Three Paris attackers' names appear in files leaked from Islamic State (IS), according to German media.
The three were believed to have carried out the worst of the Paris attacks, at the Bataclan theatre, where 90 people died.
The IS files, obtained by German, UK and Syrian opposition media, were said to identify thousands of jihadist recruits from at least 40 countries.
German officials said the files could be assumed to be genuine.
About 22,000 fighters were reportedly identified by the documents, with one file for each recruit, listing a name, address and other information.
Among them are Samy Amimour, Foued Mohamed-Aggad and Omar Ismail Mostefai, the three men who attacked the Bataclan during a concert by Eagles of Death Metal.
The documents were obtained by German public broadcasters WDR and NDR and daily newspaper Sueddeutsche Zeitung.
WDR said the files indicated the three men entered IS territory in 2013 and 2014.
Sky News said the documents came from a man called Abu Hamed, an IS fighter who said he had become disillusioned with the group's leadership and had stolen a memory stick from the head of the IS internal security force before handing it over in Turkey.
Germany's Interior Minister Thomas de Maiziere said earlier the information contained in the files could help to prosecute IS fighters, and help prevent future recruitment.
The files were first published online (documents in Arabic) by Zaman Al-Wasl, a Qatari-based Syrian news website.
Sixteen Britons were reportedly named in the files, including Junaid Hussain and Reyaad Khan, who were killed in September in Syria by an RAF drone strike.
Two others listed, Kerim Marc B and Abdelkarim B, are currently on trial separately in Germany, while another two Germans on the list, Farid Saal Yassin Oussaiffi, have appeared in IS videos.
Dutch media identified Abu Jihad al-Hollandi from the documents as Amsterdam teenager Achraf Bouamran, who was killed in a US air strike on the Syrian IS stronghold of Raqqa in January 2015.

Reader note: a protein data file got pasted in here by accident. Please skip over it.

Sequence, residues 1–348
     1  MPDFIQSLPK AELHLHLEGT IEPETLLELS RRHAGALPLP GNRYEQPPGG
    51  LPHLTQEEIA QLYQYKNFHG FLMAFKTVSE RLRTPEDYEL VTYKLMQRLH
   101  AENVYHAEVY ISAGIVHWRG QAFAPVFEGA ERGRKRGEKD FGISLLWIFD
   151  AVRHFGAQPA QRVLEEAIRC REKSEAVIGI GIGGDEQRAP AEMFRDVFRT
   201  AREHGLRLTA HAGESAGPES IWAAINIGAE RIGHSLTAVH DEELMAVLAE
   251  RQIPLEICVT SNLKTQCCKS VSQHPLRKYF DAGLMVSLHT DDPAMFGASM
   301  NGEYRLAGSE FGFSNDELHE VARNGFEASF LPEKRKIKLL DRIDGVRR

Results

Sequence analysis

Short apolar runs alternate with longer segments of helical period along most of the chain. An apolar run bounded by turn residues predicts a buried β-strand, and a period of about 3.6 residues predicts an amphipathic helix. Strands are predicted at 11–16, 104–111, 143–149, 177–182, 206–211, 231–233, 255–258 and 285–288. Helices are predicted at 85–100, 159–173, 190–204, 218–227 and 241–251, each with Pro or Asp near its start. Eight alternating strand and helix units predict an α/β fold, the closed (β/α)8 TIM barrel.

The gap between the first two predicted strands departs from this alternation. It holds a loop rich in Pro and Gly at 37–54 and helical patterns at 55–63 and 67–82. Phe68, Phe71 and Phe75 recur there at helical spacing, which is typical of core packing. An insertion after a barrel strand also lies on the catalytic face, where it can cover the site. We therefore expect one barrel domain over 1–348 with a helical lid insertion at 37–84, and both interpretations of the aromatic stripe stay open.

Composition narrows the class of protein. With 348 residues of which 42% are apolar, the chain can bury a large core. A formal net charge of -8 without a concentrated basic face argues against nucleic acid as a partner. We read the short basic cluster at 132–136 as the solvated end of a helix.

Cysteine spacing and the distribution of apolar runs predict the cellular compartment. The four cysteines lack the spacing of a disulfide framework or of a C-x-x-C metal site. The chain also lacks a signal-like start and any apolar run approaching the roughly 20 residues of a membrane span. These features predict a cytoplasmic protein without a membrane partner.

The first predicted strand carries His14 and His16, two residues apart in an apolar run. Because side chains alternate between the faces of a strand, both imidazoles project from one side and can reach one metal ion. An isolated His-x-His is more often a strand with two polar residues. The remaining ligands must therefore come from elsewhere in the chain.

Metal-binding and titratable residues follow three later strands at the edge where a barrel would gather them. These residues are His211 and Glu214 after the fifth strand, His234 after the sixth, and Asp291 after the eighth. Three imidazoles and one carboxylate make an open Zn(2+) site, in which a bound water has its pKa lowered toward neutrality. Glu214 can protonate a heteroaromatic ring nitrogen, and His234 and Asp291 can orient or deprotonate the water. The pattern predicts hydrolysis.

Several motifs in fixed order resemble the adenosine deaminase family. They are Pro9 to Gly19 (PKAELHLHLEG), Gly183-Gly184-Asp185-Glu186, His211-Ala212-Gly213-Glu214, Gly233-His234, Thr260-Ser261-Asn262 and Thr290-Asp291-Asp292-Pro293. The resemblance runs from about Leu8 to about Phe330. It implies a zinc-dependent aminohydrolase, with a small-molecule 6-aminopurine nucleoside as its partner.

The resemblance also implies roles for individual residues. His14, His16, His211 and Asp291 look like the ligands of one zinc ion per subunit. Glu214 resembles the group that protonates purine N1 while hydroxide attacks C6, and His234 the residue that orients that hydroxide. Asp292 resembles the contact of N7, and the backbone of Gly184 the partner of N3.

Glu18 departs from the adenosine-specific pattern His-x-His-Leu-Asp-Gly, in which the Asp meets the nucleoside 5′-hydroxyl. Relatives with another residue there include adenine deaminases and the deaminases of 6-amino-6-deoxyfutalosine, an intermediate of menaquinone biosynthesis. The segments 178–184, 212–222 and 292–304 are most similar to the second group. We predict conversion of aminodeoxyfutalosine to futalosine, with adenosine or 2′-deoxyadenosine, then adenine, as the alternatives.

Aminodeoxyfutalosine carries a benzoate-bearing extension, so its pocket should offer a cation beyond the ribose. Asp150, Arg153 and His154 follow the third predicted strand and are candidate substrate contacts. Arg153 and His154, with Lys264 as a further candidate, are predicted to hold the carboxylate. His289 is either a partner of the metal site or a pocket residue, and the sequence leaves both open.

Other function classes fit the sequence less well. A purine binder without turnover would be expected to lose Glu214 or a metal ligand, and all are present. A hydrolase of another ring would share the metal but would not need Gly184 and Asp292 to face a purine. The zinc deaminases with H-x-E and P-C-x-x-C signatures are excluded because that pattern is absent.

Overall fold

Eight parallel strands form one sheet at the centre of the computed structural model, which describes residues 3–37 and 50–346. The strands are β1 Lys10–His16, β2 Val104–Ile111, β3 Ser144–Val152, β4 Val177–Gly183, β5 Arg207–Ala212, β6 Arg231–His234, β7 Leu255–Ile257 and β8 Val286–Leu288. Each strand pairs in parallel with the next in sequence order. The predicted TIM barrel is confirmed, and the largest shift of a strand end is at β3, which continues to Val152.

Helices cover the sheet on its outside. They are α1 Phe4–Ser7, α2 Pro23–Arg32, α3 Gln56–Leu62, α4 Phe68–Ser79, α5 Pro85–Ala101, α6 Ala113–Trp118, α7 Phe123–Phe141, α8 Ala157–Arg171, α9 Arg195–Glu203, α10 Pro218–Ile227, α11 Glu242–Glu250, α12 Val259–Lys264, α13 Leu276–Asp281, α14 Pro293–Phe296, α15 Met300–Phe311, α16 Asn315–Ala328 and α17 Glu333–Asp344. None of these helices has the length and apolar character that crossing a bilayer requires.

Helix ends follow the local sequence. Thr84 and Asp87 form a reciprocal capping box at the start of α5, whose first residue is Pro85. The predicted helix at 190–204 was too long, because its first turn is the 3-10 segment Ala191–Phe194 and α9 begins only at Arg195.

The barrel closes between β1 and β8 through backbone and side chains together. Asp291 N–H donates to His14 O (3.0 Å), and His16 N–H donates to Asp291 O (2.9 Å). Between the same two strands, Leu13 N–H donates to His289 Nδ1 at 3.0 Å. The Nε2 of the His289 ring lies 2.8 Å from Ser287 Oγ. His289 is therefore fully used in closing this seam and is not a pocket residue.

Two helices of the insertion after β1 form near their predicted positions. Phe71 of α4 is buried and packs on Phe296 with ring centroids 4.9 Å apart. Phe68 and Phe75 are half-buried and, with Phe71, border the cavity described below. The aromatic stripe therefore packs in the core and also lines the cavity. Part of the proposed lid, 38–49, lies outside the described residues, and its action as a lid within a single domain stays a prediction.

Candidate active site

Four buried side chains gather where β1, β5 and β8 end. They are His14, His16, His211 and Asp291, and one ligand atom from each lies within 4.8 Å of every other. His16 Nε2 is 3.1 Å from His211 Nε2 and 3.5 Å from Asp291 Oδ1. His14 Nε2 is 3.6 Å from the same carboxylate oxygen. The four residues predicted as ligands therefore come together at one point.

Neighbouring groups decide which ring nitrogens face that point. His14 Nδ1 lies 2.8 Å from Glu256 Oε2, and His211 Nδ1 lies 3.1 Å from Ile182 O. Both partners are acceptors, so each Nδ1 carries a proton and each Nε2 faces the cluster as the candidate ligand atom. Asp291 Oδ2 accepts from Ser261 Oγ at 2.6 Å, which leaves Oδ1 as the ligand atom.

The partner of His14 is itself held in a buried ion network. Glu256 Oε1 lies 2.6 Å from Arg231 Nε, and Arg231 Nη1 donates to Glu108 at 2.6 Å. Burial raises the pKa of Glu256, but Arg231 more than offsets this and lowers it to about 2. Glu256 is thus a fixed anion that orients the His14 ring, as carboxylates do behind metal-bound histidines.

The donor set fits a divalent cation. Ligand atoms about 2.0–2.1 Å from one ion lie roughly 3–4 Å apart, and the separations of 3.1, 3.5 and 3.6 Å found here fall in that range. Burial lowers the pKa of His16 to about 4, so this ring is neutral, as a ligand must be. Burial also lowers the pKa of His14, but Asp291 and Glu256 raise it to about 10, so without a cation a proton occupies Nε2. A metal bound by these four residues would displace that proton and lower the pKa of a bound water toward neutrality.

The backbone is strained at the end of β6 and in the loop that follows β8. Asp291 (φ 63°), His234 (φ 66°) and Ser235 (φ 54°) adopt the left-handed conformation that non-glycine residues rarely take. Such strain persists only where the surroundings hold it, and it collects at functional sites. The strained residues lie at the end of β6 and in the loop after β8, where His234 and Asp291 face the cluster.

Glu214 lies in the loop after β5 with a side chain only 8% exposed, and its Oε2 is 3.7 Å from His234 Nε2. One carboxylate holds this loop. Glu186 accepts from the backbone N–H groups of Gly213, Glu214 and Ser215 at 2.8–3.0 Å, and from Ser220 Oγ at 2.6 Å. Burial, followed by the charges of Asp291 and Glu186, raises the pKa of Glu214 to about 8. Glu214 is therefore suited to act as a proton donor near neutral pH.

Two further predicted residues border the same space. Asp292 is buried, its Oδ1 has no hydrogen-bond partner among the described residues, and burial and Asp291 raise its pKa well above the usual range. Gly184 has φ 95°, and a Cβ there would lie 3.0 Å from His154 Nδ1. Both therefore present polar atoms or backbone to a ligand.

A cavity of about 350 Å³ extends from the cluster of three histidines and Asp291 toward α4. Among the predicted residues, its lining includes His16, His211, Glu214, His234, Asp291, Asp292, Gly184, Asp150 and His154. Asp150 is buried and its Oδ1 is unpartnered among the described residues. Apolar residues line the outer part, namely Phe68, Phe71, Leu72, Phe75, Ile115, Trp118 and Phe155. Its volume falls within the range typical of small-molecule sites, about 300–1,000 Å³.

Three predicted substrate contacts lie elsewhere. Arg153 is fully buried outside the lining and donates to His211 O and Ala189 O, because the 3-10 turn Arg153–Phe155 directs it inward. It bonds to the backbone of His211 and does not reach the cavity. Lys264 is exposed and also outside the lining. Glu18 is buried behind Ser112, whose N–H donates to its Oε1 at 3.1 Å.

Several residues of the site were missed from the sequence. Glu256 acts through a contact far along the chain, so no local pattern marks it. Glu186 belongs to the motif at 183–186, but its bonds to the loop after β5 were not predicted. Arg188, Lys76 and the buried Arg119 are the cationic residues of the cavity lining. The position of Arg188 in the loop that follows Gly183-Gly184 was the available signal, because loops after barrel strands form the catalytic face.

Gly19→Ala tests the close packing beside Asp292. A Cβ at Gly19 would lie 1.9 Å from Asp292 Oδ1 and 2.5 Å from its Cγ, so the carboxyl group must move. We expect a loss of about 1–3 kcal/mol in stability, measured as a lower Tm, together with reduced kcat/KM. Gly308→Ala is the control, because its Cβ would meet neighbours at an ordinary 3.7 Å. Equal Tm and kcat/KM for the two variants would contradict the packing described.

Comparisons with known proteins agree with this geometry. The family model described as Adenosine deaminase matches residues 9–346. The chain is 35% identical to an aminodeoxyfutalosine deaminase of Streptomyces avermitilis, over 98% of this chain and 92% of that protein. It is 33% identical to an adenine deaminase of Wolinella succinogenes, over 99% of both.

His file reads: "Born 1997. Moroccan origin. Wants to be a fighter."
Counter-terrorism police in Germany were studying the documents.
"The German Federal Bureau of Investigation acts on the assumption that the documents are authentic," Mr de Maiziere said.
United Kingdom Home Secretary Theresa May said she could not comment on "specific national security matters".
IS "poses a severe threat ... it is important for us to work together to counter this threat", she said.
French Interior Minister Bernard Cazeneuve said he was extremely interested in information which would allow France to neutralise terrorists, but that information had to be authenticated.
Sueddeutsche Zeitung foreign editor Stefan Kornelius said the paper had obtained the documents from a "trusted source".
"It gives some proof on the state of Isis [IS] right now, since many of those members and those being close to the terrorist group are trying to make money, quite honestly, because obviously the Isis is in a desperate financial state," he said.
Some analysts raised questions about the authenticity of the documents, noting inconsistencies in language and other oddities in the recruitment questionnaires.
But none of that was conclusive. The documents were clearly not intended for public consumption, so those who drafted the questionnaire may not have paid as much attention to detail as for public documents.
The documents were also from two years ago, so should be compared with documents from then.